A Timeline Map: From Pencil to Print
Hi Everyone, I’m Jackie, one of two graphic designers having the privilege of working on The Gospel Project for Kids. Jeremy is the other designer and you will be meeting him soon.
Let me just say how much fun the process of creating this product has been. From the time we began brainstorming ideas for the logo, covers, timeline posters etc., the excitement kept building. We could not wait to see the first timeline poster come off the printing press. Seeing all of the posters hung on the wall here at LifeWay reinforced to The Gospel Project team, that this was a great tool in helping kids see the big picture of Jesus. I have to say I am a little sad that the bulk of that work has been completed!
The process we went through to get to the final timeline posters was quite extensive. We first determined that we wanted the kids to feel as though they were traveling from location to location, so we created themes or “stops” along the way to help build on that idea. We did not want it to look or feel like any ordinary Biblical timeline that was out there. We had looked at many and they were all so . . . well . . . ok I’ll say it,— boring! We wanted it to be fun, visually exciting, and something that would help the kids remember how the story of Jesus unfolds chronologically.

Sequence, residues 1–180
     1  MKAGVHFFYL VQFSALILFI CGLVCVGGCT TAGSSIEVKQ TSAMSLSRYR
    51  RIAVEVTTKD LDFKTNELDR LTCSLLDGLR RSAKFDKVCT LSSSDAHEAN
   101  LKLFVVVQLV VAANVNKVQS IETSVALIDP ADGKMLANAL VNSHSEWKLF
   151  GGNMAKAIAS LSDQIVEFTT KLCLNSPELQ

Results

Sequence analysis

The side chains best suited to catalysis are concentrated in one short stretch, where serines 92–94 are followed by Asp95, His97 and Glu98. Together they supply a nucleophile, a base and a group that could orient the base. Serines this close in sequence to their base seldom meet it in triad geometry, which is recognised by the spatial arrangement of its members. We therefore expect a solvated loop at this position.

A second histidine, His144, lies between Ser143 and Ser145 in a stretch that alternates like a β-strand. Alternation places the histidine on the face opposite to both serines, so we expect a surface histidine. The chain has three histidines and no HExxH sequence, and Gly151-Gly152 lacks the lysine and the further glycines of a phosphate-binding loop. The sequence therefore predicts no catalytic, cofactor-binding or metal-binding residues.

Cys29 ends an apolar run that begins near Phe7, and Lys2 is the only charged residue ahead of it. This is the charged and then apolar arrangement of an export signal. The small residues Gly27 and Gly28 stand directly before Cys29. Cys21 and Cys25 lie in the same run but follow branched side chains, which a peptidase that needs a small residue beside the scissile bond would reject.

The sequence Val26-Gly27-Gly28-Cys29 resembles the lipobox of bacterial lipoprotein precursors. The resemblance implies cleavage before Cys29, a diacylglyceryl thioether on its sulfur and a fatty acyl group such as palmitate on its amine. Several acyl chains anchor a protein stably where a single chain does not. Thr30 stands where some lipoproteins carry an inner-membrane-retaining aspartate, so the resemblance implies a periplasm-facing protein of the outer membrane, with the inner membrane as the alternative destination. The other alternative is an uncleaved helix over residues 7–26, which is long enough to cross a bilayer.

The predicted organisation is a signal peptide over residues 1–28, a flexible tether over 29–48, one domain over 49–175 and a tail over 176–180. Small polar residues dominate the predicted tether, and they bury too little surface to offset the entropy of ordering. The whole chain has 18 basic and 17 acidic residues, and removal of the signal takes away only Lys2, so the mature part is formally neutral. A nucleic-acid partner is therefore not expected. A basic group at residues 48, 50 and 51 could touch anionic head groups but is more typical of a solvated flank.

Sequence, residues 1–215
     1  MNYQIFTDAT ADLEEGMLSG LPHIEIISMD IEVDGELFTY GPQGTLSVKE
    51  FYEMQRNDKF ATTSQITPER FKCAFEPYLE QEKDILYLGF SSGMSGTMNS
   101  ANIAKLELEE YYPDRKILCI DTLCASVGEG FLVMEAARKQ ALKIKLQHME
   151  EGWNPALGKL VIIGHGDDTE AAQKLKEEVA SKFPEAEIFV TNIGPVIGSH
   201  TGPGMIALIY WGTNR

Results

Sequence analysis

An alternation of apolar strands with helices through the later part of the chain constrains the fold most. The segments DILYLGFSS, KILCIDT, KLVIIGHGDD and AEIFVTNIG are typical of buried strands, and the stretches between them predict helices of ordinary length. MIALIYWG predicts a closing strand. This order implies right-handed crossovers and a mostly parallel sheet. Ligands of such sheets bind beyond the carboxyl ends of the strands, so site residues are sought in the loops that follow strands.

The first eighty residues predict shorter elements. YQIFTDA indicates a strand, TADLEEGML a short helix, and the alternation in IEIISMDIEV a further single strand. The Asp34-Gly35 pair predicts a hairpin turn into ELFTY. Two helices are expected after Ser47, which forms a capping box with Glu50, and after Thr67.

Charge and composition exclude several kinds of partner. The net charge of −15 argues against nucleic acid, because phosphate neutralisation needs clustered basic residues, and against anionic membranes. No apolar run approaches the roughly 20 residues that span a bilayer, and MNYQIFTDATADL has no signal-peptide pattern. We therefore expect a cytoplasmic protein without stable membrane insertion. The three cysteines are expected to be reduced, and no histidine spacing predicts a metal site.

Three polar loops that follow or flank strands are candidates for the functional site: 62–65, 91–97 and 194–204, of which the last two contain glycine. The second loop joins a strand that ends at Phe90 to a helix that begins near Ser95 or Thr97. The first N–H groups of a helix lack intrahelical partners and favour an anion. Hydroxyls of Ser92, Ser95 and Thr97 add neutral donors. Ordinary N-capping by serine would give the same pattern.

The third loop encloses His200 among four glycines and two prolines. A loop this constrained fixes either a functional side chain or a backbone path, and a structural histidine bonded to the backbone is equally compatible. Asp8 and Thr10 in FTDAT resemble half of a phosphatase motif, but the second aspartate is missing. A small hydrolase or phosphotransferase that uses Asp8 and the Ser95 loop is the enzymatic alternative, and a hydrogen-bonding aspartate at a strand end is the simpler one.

Once we really started thinking about the big picture, we came up with the idea of all 12 posters being combined to make one big scene. It was going to be challenging for an illustrator, so the search began. Jeremy and I looked at hundreds of illustration styles. We already knew that we were going to use two different styles, one for the backgrounds and one for the Biblical art. We wanted the two styles to be different, creating some visual contrast.
The process of developing the background art is quite interesting. For each poster, the illustrator would create a loose sketch and send it in for approval. The team would then discuss any change we thought were needed. From there he made the changes then began the process by building the art in Photoshop right on top of his revised but still very loose sketches. A lot of the imagery was based on photography that has been highly manipulated and or digitally painted on to get to the final look. Of course not all that you see is photography based. There is a sprinkling of traditional painting (digital painting, these days) throughout each one.
That’s it in a nutshell. Click on the image below to see the sketch and final poster side-by-side!